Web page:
I poured myself a drink and drank it down in two swallows as I waited the minute or two it took him to return to me. When he came back, he had taken his dining jacket, waistcoat and cuff links off, turned his cuffs back and his bowtie hung untied around his neck. He took the empty glass from me, took my hand and led me into his bedroom.


I paused in the doorway as I looked at the turned back bed; an image I didn't want to see came to my mind. As he has done so often over the years, my beloved Raffles seemed to read my mind. "They are fresh sheets," he said, putting an arm around my shoulders. I turned my head to look at him. He frowned, "Bunny, you do know he was only ever alone in my bed, do you not?"


I did, of course I did. I'd stayed up talking with him the night Teddy had spent sleeping there. I'd stayed with him until we had left together in the morning. I nodded. "Yes, Raffles."


He smiled and turned around to face me. "Ah, my rabbit, my very own Bunny."


"Always." I said.


He kissed me again as his hands went to my throat and he untied the bowtie he, as he always did, had retied for me several hours ago. I shivered slightly as his fingers brushed against my neck, even though the touch was not unknown to me, was not new to me. He smiled, his gentle smile, all hints of dejection seemed to have gone as he firstly removed my dining jacket, then my waistcoat and then began to unbutton my shirt, taking care to take the studs out, he paused more than once to kiss me before he pushed my braces over my shoulders to hang down my body.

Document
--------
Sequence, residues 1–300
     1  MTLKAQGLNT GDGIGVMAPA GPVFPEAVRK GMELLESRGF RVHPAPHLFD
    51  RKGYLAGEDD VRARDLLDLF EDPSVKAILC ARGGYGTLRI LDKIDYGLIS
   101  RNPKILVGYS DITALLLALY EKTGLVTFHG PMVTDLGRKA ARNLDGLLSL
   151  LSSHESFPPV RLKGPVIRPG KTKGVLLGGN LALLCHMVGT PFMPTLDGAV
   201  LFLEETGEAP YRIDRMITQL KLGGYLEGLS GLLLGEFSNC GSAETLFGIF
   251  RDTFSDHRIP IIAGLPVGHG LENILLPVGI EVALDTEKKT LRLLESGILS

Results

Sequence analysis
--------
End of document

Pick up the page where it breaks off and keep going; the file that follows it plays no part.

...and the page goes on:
As steady, sure fingers, fingers I had watched pick locks, tease safes open, pluck jewels from their cases, make cricket balls bend to his will, reached the waistband of my trousers, he paused and once more kissed me. As I felt the same steady, sure fingers began to unbutton my trousers I feared that if he kept pausing to kiss me every time he removed an item of my clothing it would be some time before I got my wish.


However, that was to be the last kiss he bestowed on me until he had stripped me completely, stripped himself, guided me into his bed and taken me into his arms. A second before his mouth found mine again he murmured, "So innocent."



Hours later, still in his arms, my body still tingling from what his lips and hands had done to it, still slightly surprised with my own abilities, even if Raffles had guided me (as he always had done) though the process, I smiled just before his mouth once again came to rest on mine. My innocence had been lost.